Q: What is parasomnia? A: Abnormal movements, behaviors, emotions, perceptions, or dreams that occur while falling asleep, sleeping, between sleep stages, or during arousal from sleep.

 

Nightmare Disorder

Also known as Dream Anxiety Disorder, Nightmare Disorder causes frequent nightmares that trigger distress, disrupt sleep, interfere with daytime functioning, and/or lead to fear of falling asleep. Approximately 4% of adults in the US have nightmares frequent and disruptive enough to qualify as nightmare disorder. The disorder is considered a parasomnia.

The diagnostic criteria described in the The Diagnostic and Statistical Manual of Mental Disorders (DSM–5) are as follows:

  • Repeated awakenings from sleep or naps with a detailed recollection of disturbing dreams, typically involving threats to survival, security, or well-being. The awakenings usually occur during the second half of the period of sleep
  • On awakening, the person rapidly becomes oriented and alert. This contrasts with the confusion and disorientation of night terrors
  • The nightmare causes distress or impairment in social and other essential areas of functioning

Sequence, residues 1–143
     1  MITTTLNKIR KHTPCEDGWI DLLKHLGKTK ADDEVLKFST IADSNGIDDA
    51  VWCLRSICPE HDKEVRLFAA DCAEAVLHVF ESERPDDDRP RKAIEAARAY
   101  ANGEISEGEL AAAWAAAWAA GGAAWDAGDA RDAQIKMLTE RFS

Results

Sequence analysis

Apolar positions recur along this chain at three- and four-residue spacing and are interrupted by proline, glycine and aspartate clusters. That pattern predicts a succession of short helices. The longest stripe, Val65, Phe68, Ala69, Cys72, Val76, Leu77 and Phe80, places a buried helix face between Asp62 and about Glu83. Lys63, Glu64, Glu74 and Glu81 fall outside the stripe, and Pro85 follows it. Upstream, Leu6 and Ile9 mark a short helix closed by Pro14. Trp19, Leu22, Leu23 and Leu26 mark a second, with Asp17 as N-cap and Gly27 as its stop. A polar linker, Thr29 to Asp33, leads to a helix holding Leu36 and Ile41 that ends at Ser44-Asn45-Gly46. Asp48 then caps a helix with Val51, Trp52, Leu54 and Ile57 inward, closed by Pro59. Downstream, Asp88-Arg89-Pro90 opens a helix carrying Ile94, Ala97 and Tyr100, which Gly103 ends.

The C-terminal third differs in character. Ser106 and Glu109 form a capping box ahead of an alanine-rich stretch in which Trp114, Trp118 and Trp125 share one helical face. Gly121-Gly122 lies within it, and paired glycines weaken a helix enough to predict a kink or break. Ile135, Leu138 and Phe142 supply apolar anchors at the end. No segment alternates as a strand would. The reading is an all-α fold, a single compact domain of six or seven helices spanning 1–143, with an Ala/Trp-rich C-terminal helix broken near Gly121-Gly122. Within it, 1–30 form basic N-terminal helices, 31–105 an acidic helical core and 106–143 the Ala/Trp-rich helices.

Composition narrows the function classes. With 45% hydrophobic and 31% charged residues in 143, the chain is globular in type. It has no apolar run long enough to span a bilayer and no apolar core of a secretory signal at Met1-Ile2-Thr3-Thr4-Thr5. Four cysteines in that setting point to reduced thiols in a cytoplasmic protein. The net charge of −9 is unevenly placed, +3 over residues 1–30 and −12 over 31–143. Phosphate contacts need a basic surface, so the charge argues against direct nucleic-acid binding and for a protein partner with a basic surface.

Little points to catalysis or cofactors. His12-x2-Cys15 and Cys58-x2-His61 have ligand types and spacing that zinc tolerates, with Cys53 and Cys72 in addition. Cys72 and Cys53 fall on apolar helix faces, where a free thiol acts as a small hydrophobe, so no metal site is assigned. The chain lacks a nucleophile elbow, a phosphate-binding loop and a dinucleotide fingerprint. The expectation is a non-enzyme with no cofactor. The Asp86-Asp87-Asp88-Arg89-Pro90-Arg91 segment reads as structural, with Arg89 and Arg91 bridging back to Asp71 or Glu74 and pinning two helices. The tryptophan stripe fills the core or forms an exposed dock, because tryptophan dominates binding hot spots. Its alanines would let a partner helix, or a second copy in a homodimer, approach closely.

• The nightmares do not occur exclusively during the course of another mental disorder, and are not due to another medical condition, substance, or medication

Nightmares graphic, nightmare disorder graphic

Persistent nightmares may be classified by:

  • When they occur. Do they begin with sleep onset, or later in the sleep cycle?
  • Their association with a sleep disorder such as narcolepsy, another medical condition, or substance use disorder
  • When they began. Nightmares that have lasted 1 month or less are considered acute, between 1 and 6 months are considered subacute, 6 months or longer are considered persistent
  • Severity. Nightmares that occur on average less than once per week are considered mild, once or more per week but less than nightly are moderate, nightly are severe

Nightmare disorder sufferers may scream or shout during sleep. The disorder may be caused by many of the same conditions that cause ordinary nightmares, or may be idiopathic, or of no known cause.

The nightmares of nightmare disorder can be distinguished from ordinary nightmares by their frequency, vivid quality, and tendency to affect daytime functioning. Nightmare disorder may lead to insomnia due to chronic anxiety and the fear of falling asleep.

Sleep Disorders

Sleep disorders such as narcolepsy, restless legs syndrome, and sleep apnea may cause  nightmares. Sleep-wake disorders such as narcolepsy can degrade the boundaries between the sleep and wake states, causing them to overlap. These poor boundaries may cause other parasomnias, as well, such as sleep paralysis and hypnagogic hallucinations.